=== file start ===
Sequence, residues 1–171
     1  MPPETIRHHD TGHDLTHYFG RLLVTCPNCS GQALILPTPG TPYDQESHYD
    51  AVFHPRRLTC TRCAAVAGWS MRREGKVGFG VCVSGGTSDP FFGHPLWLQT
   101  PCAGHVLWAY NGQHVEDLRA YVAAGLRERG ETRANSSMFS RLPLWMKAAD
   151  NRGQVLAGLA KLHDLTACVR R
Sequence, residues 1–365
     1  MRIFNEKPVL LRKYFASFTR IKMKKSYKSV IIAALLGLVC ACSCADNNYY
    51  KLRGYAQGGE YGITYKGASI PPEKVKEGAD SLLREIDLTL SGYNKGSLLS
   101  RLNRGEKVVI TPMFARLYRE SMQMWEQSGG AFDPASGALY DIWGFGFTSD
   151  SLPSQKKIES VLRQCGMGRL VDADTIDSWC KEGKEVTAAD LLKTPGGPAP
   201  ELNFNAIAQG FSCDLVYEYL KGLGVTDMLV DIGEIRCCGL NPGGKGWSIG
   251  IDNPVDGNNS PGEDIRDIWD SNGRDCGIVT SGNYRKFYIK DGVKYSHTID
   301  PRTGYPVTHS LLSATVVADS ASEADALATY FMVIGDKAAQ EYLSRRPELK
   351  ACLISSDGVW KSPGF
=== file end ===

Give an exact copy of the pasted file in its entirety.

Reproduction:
Sequence, residues 1–171
     1  MPPETIRHHD TGHDLTHYFG RLLVTCPNCS GQALILPTPG TPYDQESHYD
    51  AVFHPRRLTC TRCAAVAGWS MRREGKVGFG VCVSGGTSDP FFGHPLWLQT
   101  PCAGHVLWAY NGQHVEDLRA YVAAGLRERG ETRANSSMFS RLPLWMKAAD
   151  NRGQVLAGLA KLHDLTACVR R
Sequence, residues 1–365
     1  MRIFNEKPVL LRKYFASFTR IKMKKSYKSV IIAALLGLVC ACSCADNNYY
    51  KLRGYAQGGE YGITYKGASI PPEKVKEGAD SLLREIDLTL SGYNKGSLLS
   101  RLNRGEKVVI TPMFARLYRE SMQMWEQSGG AFDPASGALY DIWGFGFTSD
   151  SLPSQKKIES VLRQCGMGRL VDADTIDSWC KEGKEVTAAD LLKTPGGPAP
   201  ELNFNAIAQG FSCDLVYEYL KGLGVTDMLV DIGEIRCCGL NPGGKGWSIG
   251  IDNPVDGNNS PGEDIRDIWD SNGRDCGIVT SGNYRKFYIK DGVKYSHTID
   301  PRTGYPVTHS LLSATVVADS ASEADALATY FMVIGDKAAQ EYLSRRPELK
   351  ACLISSDGVW KSPGF